Many service businesses have identified the Internet as an avenue for new revenue. However, Richard A. Eisner & Co. of New York has become an active investor in new media companies for a separate means, to expand its knowledge base.
“We are primarily service providers,” said Bruce Strzelczyk, co-chair of the firm’s new media practice. “We invest to obtain knowledge of emerging trends, technologies or intellectual base that we need to serve our client base.”
The firm made its first investment in 1996, participating in a FashionMall financing round on the recommendation of clients. Since that introduction, Eisner has developed a more sophisticated criteria for investments.
Portfolio companies must be very early-stage, offer Eisner access to new knowledge and benefit from Eisner’s areas of expertise, and most important, the company must operate in a space where Eisner needs to extend its expertise.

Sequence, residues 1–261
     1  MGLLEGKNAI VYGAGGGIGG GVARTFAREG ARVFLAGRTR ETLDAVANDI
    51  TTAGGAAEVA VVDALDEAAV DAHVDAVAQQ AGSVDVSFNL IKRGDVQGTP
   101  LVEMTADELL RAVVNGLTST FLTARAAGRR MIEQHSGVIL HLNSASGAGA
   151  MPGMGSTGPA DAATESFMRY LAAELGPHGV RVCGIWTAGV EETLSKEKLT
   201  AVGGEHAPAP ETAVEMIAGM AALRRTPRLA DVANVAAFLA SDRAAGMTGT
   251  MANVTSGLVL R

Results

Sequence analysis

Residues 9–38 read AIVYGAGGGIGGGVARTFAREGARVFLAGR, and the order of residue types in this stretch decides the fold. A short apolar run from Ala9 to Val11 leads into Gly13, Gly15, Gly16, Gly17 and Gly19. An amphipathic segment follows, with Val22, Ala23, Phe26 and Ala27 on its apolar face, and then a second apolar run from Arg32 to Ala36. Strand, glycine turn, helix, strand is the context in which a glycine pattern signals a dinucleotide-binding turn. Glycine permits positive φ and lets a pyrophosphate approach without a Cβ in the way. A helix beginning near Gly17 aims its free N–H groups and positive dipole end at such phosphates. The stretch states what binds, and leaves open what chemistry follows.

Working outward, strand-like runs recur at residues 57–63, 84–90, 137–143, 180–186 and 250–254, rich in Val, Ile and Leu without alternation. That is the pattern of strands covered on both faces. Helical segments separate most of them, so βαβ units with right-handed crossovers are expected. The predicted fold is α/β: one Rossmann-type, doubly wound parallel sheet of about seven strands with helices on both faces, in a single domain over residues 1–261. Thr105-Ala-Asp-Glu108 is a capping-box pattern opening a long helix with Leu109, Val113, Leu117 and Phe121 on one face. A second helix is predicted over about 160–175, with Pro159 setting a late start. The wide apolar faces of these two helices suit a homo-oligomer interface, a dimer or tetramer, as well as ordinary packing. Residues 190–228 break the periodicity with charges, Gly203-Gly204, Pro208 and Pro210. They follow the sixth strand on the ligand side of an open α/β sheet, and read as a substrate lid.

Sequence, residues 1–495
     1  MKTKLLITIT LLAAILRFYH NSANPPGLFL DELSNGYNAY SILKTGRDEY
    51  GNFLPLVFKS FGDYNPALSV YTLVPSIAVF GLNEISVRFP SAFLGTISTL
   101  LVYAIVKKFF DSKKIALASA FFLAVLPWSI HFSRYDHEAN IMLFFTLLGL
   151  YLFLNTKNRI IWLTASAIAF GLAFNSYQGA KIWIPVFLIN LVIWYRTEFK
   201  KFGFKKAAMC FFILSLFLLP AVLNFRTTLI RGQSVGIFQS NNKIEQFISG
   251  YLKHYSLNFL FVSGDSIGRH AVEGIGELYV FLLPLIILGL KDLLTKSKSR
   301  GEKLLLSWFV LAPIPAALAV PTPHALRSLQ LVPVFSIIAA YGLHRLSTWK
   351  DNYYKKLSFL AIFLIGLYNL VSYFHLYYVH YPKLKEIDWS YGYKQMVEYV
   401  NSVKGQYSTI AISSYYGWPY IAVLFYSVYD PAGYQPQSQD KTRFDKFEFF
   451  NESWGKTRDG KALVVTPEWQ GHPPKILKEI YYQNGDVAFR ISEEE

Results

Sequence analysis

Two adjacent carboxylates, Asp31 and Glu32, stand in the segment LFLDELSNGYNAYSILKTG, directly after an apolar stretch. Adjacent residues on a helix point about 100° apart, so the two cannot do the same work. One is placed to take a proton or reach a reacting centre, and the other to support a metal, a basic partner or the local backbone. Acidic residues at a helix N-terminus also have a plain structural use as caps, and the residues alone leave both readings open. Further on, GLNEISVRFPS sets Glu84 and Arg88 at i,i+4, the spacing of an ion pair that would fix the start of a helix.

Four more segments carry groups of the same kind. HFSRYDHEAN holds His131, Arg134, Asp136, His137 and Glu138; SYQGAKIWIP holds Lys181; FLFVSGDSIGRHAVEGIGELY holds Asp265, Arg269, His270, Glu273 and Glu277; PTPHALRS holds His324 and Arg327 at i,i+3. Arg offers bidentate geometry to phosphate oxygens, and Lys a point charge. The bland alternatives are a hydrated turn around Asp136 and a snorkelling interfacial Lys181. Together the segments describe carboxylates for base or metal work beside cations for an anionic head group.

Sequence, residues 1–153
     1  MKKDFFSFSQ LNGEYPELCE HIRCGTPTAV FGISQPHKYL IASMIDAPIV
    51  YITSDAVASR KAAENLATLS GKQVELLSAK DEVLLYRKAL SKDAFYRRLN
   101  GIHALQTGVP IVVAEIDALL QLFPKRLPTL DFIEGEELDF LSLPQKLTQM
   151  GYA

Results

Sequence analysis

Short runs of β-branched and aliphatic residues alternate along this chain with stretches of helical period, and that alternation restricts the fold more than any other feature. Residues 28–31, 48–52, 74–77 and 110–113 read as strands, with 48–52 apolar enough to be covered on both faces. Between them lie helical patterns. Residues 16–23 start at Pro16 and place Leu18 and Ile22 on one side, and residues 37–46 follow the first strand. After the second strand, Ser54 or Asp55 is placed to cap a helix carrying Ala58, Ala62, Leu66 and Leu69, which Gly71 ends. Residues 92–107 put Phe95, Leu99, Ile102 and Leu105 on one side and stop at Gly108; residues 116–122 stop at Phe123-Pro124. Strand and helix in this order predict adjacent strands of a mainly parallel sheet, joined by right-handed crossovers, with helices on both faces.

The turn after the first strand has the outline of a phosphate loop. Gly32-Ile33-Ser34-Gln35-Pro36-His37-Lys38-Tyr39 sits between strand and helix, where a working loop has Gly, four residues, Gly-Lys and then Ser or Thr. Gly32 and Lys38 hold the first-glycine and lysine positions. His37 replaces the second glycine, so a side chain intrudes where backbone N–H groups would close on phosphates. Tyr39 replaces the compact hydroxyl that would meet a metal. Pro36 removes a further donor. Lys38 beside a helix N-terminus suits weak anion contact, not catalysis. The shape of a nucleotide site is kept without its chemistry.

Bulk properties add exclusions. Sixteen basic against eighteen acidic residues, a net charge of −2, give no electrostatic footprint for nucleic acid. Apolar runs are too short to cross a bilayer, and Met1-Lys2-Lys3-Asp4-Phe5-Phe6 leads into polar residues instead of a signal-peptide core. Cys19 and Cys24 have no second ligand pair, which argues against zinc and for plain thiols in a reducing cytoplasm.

“We are not in the business of trying to get companies to come to us,” Strzelczyk said. “We are happy to see them, but we don’t want to compete with our VC clients.”
However, Strzelczyk said the firm sees a consistent deal flow through unsolicited queries and relationships with other groups. The company also prefers to make direct investments rather than participate as a limited partner in order to play a more active role in the portfolio company’s development. However, Eisner does not intend to travel down the path to managing capital.
“We have concluded that we will not become a financial investor,” Strzelczyk said. “We will continue to play an advisory role, prepping companies for an IPO.”
That development process includes offering advice on development of a business model, how to approach the marketplace and financial services. In particular, companies need to understand the appropriate manner to structure equity within a start-up.